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Demystifying overage

What is “overage” all about? Michael Higgin helps landowners who are new to the topic to understand what it is and how it all works in practice.

In our Strategic Land Team we often get enquiries from landowners who have been approached by developers or planning consultants about putting their land forward for development. Those landowners may have professional advisers, or friends and neighbours with some knowledge, who suggest that they should “have overage”. It’s also very relevant in any sale of open land, whether greenfield, brownfield, garden, orchard or paddock land. But what does “overage” mean?

In short it is a sharing of realised profit, or the sharing of an increase in value, between the new owner and the seller. So far so simple. But how is it calculated?

What percentage?

There is no “law” on this, and it is a matter for agreement between the parties. There should ideally be “something in it” for both parties in the new situation, but the new owner will generally get a (materially) larger share than the seller, to reward it for its work and risk in bettering the property.

A percentage of what?

As mentioned, it’s a sharing of profit or increased value. Often it relates to a change of use, or the grant of planning permission, or the grant of a better or more intensive planning permission. For example, a paddock near to a village may sell for agricultural value. The seller may want some “anti-embarrassment” protection in case the land then achieves a consent to become garden land or housing, so that the seller can then share in that change of fortunes. The buyer benefits from paying agricultural land value now, with no “hope value” added, but the seller takes comfort from knowing that the buyer isn’t “taking advantage” of the seller who may be under pressure to sell, or who is short of the cash needed to apply for consent, or who trusts their friend and neighbour’s assurances that they only want to buy the land for their ponies.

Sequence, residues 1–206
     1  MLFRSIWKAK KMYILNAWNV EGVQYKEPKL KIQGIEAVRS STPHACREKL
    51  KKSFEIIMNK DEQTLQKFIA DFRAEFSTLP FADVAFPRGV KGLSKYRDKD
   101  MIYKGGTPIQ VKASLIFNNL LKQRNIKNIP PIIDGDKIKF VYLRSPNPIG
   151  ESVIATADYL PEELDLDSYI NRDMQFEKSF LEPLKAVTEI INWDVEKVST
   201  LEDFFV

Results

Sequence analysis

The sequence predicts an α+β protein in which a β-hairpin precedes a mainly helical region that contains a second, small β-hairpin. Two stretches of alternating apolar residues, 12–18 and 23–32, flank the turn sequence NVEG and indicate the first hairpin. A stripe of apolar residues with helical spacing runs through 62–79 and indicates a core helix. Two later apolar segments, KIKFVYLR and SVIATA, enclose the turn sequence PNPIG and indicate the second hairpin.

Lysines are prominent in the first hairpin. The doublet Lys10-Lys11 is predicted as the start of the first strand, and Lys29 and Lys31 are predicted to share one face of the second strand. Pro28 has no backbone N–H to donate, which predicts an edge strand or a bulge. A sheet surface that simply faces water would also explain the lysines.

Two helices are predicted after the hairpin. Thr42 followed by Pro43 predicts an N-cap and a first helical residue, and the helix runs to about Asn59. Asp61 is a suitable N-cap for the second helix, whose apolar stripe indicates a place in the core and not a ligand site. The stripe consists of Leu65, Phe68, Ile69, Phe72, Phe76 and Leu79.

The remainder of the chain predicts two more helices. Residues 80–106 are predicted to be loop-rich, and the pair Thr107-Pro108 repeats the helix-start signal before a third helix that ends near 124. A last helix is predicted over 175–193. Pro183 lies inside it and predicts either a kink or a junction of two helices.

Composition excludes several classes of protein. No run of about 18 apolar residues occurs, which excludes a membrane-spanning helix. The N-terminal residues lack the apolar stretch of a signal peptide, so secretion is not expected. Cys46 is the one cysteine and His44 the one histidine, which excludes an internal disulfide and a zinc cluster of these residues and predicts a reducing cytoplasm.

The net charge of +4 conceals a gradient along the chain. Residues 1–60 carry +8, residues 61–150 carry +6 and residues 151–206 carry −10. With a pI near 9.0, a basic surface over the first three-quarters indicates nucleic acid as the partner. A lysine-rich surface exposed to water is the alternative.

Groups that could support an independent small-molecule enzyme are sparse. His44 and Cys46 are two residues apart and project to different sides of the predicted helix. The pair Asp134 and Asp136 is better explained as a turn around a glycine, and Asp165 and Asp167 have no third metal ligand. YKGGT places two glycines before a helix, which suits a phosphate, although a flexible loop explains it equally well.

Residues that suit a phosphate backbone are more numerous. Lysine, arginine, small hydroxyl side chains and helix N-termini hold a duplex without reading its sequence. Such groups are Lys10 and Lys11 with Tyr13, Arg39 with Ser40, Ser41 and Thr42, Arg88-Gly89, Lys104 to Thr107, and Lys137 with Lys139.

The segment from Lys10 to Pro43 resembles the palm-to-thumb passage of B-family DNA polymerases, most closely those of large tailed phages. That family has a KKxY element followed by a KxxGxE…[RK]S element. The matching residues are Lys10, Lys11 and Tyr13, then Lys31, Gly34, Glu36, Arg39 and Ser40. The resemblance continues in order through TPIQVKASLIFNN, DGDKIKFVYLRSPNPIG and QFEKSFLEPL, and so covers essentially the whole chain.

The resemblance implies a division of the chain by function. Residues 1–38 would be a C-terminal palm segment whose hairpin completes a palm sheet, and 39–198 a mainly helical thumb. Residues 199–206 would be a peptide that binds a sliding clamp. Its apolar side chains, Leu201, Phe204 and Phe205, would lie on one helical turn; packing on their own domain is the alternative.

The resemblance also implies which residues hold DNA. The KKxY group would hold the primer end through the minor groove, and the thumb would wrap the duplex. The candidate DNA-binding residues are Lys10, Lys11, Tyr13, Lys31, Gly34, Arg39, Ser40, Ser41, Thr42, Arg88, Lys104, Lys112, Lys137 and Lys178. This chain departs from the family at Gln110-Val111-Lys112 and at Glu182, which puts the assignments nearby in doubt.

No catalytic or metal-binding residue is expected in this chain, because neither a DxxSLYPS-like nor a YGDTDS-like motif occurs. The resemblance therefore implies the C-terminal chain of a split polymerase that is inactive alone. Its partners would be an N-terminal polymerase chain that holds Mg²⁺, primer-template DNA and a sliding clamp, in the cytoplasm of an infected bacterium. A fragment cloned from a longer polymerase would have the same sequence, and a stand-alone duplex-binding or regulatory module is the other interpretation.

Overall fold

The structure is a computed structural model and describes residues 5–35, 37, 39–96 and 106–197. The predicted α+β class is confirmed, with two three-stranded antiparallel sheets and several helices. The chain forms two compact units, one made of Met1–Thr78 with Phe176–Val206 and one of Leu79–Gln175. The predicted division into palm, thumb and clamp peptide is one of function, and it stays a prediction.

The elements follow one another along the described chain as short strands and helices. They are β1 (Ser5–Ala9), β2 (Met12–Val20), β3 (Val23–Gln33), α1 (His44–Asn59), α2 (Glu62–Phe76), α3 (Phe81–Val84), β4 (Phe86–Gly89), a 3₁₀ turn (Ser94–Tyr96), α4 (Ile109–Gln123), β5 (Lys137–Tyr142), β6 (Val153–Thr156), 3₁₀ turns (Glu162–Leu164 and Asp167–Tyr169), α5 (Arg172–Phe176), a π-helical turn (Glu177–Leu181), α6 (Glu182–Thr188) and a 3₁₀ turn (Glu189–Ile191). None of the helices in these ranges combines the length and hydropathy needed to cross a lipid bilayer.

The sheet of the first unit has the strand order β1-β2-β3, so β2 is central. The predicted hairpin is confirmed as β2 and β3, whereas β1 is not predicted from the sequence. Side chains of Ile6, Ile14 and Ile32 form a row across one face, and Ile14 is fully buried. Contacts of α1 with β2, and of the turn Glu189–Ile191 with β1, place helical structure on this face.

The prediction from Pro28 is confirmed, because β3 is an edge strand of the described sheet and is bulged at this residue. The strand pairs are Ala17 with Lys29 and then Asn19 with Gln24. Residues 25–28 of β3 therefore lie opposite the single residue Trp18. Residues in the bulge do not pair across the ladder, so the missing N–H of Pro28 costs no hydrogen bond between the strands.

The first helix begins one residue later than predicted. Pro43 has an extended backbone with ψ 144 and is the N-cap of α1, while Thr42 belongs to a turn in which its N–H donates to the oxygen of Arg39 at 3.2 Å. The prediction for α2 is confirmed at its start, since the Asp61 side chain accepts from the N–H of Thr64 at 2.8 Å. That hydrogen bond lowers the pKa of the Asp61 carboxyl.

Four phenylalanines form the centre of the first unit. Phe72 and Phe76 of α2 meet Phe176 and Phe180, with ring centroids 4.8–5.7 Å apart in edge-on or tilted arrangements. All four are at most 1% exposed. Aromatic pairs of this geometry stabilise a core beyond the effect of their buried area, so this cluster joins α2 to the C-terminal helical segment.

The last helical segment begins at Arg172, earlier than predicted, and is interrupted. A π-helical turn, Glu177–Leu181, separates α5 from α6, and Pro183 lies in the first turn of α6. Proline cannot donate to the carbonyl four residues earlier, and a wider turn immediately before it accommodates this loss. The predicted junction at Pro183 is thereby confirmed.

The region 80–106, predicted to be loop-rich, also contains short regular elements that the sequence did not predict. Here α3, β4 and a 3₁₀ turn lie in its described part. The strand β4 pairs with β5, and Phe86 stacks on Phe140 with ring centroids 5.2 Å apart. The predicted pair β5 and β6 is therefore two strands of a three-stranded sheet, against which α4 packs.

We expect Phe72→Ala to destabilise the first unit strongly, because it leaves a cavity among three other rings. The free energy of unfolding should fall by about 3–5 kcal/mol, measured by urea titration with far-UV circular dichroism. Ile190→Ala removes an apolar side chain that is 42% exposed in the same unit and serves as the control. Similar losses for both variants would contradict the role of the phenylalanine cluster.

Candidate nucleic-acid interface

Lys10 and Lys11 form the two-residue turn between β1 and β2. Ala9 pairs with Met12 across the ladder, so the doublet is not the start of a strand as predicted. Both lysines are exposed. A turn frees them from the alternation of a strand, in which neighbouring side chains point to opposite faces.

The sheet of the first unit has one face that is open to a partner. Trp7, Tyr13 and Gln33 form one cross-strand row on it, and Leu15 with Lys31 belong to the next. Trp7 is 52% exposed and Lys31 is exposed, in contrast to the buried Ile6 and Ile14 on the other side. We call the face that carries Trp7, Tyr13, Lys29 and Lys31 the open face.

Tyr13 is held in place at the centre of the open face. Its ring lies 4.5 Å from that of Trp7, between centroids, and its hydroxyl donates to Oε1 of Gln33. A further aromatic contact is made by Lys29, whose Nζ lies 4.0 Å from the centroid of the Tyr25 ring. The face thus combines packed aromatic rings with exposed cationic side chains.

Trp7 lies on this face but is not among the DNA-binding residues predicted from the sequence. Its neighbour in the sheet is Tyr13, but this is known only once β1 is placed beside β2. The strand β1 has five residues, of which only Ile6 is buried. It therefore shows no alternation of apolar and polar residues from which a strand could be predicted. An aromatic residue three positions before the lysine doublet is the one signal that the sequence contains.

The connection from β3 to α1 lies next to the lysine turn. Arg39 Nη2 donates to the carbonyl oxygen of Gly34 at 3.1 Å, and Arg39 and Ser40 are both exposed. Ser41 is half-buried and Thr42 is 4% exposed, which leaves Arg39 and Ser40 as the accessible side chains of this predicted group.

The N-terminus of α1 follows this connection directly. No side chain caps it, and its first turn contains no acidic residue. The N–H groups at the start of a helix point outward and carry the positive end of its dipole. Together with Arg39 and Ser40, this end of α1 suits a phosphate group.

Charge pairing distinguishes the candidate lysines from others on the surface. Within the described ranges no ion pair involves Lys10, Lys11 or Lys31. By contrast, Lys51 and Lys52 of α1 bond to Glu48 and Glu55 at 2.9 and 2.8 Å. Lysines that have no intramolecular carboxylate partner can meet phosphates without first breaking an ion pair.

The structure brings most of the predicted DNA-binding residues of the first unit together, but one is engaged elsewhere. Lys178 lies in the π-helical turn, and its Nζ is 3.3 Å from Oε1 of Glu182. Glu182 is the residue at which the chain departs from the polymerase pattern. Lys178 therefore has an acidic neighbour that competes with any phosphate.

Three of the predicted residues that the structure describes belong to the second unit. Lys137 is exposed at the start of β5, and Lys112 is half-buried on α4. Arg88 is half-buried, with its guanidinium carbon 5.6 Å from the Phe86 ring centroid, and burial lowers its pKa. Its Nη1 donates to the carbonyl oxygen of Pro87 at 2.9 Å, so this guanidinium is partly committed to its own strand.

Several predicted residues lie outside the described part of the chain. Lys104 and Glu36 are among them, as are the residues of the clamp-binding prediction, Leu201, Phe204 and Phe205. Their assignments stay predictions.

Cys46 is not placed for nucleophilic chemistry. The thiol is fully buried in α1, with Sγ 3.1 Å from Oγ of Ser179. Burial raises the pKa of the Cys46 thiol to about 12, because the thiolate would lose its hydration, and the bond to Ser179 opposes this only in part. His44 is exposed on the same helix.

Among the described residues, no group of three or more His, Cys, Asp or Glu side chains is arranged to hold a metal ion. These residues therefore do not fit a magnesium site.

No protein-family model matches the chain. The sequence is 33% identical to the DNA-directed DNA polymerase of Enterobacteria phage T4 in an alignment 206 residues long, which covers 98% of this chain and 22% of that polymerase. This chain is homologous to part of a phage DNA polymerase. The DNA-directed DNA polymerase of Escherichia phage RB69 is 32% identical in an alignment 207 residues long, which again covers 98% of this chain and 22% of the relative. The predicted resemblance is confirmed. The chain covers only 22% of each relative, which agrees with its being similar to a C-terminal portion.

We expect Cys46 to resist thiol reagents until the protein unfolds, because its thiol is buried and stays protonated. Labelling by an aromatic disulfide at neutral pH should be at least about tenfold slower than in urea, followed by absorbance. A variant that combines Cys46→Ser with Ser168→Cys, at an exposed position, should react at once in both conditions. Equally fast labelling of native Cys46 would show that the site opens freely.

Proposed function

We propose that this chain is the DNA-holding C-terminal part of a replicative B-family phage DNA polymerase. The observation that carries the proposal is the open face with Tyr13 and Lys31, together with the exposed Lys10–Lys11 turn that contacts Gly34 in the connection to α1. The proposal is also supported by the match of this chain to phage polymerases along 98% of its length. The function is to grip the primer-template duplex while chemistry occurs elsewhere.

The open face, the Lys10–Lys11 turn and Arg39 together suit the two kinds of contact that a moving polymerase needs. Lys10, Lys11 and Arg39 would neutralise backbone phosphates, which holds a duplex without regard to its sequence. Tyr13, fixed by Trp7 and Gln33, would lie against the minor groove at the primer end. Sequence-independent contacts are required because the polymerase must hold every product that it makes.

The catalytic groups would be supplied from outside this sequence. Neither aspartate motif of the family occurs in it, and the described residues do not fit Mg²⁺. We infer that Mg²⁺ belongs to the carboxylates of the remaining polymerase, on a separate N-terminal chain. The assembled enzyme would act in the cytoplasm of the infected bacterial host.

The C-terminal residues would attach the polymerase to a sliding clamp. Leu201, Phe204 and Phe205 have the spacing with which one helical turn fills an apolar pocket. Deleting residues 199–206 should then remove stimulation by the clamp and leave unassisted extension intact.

The arithmetic will look at the enhanced value achieved on the sale or the grant/implementation of planning (or whatever triggers are agreed). The parties will then deduct the market value of the land the moment before the consent was granted.  It is this “difference” which is the uplift that can be shared.   Developers may seek to also deduct all costs incurred by them in getting the consent, which has some fairness about it. So, when agreeing that “There will be overage.” please do think about the triggers, deductibles and where the increase comes from.

How long is it for?

There is no law on this, but anything below 5 years is short and anything over 15 years is long.  It depends on what the parties agree: the longest ‘true’ overage that I have seen was for 70 years.  Restrictive covenants against change of use are generally perpetual.

Who negotiates it?

Land agents and chartered surveyors are ideally qualified and experienced to help you to agree appropriate commercial terms. We have a number of excellent people and firms that we work with in this area.

Legally these arrangements are complicated, so you really should take legal advice on the initial terms and certainly on the drafting of the actual provisions. There is a fair degree of ‘algebra’ in the calculations, as well as law involved.

There are published court cases on ‘overage’ every year, because the scope for argument is considerable and the sums at stake can be very large.  For example, recent cases have looked at:

  • whether an overage payment was due if a developer kept the property and rented it out rather than selling-on
  • whether a sale of affordable housing was a trigger for a payment
  • to what extent a developer can wilfully stall meeting certain conditions which it was obliged to try to meet, in order cause a sale to then fall outside of the overage period
  • whether a developer could avoid paying overage once it had got its required approval, just because the full implementation of the approval was not possible

Getting the terms right, and addressing what might happen in 10, 20 or even 70 years’ time is very important.  You should provide for any relevant uplift, and not just the specific project that the present buyer may have in mind.

So. What next?

Get in touch with us!

Our article linked below gives guidance on the legal structures that are often used to effect the various types of long term land promotion contracts.